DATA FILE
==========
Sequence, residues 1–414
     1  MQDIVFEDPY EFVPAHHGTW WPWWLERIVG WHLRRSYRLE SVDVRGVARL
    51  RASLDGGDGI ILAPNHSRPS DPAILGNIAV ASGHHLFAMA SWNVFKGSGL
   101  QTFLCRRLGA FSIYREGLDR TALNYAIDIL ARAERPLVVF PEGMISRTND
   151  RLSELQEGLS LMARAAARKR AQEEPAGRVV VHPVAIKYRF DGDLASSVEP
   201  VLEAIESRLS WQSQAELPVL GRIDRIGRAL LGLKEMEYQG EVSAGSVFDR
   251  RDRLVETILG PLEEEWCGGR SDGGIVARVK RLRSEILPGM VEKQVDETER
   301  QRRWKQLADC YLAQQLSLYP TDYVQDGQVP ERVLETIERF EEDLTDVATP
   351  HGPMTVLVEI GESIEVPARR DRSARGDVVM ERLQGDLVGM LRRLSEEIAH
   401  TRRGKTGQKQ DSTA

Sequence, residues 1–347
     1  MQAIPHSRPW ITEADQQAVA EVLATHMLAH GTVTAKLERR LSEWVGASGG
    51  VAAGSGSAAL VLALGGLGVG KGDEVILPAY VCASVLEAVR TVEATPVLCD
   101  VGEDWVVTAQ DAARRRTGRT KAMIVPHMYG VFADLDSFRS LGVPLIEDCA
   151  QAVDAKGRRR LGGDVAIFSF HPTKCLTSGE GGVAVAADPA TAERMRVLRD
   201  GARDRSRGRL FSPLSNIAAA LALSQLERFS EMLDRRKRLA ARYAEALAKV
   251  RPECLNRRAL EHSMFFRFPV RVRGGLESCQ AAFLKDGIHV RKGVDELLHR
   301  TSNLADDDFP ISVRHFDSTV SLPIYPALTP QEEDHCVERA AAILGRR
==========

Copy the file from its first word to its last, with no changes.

Sequence, residues 1–414
     1  MQDIVFEDPY EFVPAHHGTW WPWWLERIVG WHLRRSYRLE SVDVRGVARL
    51  RASLDGGDGI ILAPNHSRPS DPAILGNIAV ASGHHLFAMA SWNVFKGSGL
   101  QTFLCRRLGA FSIYREGLDR TALNYAIDIL ARAERPLVVF PEGMISRTND
   151  RLSELQEGLS LMARAAARKR AQEEPAGRVV VHPVAIKYRF DGDLASSVEP
   201  VLEAIESRLS WQSQAELPVL GRIDRIGRAL LGLKEMEYQG EVSAGSVFDR
   251  RDRLVETILG PLEEEWCGGR SDGGIVARVK RLRSEILPGM VEKQVDETER
   301  QRRWKQLADC YLAQQLSLYP TDYVQDGQVP ERVLETIERF EEDLTDVATP
   351  HGPMTVLVEI GESIEVPARR DRSARGDVVM ERLQGDLVGM LRRLSEEIAH
   401  TRRGKTGQKQ DSTA

Sequence, residues 1–347
     1  MQAIPHSRPW ITEADQQAVA EVLATHMLAH GTVTAKLERR LSEWVGASGG
    51  VAAGSGSAAL VLALGGLGVG KGDEVILPAY VCASVLEAVR TVEATPVLCD
   101  VGEDWVVTAQ DAARRRTGRT KAMIVPHMYG VFADLDSFRS LGVPLIEDCA
   151  QAVDAKGRRR LGGDVAIFSF HPTKCLTSGE GGVAVAADPA TAERMRVLRD
   201  GARDRSRGRL FSPLSNIAAA LALSQLERFS EMLDRRKRLA ARYAEALAKV
   251  RPECLNRRAL EHSMFFRFPV RVRGGLESCQ AAFLKDGIHV RKGVDELLHR
   301  TSNLADDDFP ISVRHFDSTV SLPIYPALTP QEEDHCVERA AAILGRR